Lording It Over Democracy

It would be silly rely on the House of Lords to defend the will of the people

Having voted to Remain in the EU referendum last year, I now have mixed opinions. Although I am not keen on leaving the EU, I want to let democracy have its way. Even if there was only three per cent in it, nonetheless my side lost. On balance, therefore, the best thing is to trigger Article 50 at the end of March, and get on with it.

Enter the House of Lords. No, I don’t mean I have been ennobled. I am referring to the vote on Wednesday night when peers voted 358 to 256 in favour of amending the Brexit Bill and effectively postponing Brexit. At issue were the rights of EU citizens already living in the UK.

The House of Lords voted for these rights to be guaranteed with a delay on triggering Article 50 until they are. Again, I am in favour of such guarantees, but I think it’s a bit rich for a bunch of unelected peers to set themselves up as a corrective to the will of 15 million people as expressed in the vote to Leave.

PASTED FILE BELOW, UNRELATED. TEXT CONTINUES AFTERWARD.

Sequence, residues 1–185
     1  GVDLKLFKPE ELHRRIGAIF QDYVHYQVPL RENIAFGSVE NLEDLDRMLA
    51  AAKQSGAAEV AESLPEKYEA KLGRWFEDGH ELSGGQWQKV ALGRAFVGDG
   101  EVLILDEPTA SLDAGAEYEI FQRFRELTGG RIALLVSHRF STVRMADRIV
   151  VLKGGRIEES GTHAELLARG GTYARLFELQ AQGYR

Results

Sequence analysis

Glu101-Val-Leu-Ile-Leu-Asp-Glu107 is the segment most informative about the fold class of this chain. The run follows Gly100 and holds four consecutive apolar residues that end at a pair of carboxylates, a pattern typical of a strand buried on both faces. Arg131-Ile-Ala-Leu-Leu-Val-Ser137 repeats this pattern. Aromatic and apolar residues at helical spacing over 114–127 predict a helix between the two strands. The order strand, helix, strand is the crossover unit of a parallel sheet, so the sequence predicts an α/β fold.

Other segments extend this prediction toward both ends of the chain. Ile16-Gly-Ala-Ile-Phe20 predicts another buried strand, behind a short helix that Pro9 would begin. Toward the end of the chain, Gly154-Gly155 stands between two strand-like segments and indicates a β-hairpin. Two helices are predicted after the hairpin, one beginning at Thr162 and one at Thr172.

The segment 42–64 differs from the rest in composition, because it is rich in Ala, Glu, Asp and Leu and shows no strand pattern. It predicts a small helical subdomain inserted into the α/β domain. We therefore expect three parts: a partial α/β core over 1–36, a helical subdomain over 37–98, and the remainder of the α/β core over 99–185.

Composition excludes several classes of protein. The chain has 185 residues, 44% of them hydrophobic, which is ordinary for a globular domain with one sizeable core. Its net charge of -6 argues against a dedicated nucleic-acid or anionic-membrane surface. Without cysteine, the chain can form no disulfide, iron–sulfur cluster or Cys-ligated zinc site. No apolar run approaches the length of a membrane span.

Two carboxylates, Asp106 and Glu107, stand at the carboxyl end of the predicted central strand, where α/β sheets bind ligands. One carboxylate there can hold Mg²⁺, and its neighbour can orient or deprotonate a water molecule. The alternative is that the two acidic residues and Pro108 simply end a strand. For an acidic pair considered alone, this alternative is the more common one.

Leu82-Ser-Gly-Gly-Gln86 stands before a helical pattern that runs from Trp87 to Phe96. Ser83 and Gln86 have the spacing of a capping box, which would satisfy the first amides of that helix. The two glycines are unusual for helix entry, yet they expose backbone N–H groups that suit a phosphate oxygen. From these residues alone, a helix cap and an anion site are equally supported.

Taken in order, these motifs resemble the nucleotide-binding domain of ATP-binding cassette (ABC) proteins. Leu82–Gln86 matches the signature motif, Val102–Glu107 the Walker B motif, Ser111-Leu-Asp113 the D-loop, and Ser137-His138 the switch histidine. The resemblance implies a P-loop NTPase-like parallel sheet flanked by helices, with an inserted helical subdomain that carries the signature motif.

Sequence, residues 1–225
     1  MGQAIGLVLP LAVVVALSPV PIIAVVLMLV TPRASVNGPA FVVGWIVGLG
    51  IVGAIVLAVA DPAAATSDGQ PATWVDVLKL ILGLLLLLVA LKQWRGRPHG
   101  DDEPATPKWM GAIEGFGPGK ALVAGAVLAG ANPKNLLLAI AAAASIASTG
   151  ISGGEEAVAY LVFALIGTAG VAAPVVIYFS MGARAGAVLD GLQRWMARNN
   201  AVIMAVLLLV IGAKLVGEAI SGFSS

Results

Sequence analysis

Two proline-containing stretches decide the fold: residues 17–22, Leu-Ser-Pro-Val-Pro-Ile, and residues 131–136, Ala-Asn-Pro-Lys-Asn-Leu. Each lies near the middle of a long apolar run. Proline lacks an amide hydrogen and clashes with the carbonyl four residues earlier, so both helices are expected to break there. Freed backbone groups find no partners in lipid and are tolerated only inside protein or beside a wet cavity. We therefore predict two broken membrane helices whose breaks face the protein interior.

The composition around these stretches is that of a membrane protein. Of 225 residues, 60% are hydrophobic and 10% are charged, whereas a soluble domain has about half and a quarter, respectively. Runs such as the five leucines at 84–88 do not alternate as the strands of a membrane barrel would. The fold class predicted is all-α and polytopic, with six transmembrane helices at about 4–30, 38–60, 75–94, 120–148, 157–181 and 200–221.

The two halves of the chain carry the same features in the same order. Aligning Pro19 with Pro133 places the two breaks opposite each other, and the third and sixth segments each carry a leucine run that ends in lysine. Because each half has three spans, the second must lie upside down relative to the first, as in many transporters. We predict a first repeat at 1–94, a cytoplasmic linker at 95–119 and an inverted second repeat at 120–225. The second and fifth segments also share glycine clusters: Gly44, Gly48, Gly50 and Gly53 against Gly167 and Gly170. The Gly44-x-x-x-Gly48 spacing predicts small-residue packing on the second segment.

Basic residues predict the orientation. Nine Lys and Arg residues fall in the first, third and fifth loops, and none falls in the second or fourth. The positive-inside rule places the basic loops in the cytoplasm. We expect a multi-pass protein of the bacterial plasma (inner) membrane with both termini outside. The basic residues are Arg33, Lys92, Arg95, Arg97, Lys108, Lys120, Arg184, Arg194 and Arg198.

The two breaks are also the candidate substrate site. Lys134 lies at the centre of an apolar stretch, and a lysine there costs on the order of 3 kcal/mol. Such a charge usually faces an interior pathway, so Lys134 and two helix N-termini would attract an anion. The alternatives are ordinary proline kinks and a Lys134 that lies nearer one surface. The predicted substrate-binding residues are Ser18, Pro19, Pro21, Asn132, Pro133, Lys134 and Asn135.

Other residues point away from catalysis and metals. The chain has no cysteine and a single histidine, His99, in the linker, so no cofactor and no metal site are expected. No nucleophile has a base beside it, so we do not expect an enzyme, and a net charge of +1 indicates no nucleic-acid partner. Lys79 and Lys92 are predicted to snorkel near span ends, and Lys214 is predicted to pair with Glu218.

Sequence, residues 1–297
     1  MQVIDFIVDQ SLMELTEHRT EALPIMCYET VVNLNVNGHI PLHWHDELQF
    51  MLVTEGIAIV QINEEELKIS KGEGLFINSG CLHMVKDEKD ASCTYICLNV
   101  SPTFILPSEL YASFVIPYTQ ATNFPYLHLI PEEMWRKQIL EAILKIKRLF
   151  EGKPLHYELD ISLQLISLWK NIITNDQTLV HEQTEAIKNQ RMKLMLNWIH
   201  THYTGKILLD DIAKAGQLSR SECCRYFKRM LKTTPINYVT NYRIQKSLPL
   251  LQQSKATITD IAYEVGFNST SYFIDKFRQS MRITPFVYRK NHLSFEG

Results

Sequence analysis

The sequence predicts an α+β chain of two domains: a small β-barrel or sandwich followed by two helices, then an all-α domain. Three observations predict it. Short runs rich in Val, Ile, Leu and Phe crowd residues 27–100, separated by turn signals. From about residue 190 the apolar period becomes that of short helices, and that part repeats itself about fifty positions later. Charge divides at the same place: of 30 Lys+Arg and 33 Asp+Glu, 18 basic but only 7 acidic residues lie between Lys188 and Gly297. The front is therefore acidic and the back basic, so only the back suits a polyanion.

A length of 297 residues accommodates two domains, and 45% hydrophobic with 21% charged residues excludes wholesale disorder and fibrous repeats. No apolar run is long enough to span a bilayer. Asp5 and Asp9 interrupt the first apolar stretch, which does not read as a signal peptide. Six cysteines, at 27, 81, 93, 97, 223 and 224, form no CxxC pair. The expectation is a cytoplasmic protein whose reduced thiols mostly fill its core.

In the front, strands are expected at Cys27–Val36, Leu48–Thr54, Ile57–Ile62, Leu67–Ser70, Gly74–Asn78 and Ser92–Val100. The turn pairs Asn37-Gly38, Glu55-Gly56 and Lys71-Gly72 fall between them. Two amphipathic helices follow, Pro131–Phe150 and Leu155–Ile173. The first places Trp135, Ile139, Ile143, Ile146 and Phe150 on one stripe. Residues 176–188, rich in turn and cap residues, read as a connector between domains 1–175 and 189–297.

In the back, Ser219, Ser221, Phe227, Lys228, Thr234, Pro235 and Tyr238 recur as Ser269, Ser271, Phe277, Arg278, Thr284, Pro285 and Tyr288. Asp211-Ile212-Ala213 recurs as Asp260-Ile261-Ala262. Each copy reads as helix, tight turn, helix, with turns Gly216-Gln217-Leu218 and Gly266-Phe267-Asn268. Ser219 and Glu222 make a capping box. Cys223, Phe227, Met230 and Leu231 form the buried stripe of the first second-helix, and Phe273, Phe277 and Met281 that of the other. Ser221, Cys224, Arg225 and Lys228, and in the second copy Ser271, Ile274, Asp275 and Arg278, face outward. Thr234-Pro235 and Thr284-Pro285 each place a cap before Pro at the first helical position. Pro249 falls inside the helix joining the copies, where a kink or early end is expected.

The latest Brexit setback will do little to alleviate the frustration of these voters, who have already waited nine months since the June referendum, and can now expect a few more weeks of parliamentary ping pong in order for peers to approve the Bill. No wonder the Daily Mail described the Lords’ vote as a “a naked bid to sabotage Brexit by creating difficulties for Mrs May in triggering formal negotiations.”

Normally I read the Mail only in order to know my enemy. But on this occasion, I have to agree – even if to say so goes against my personal inclination to Remain.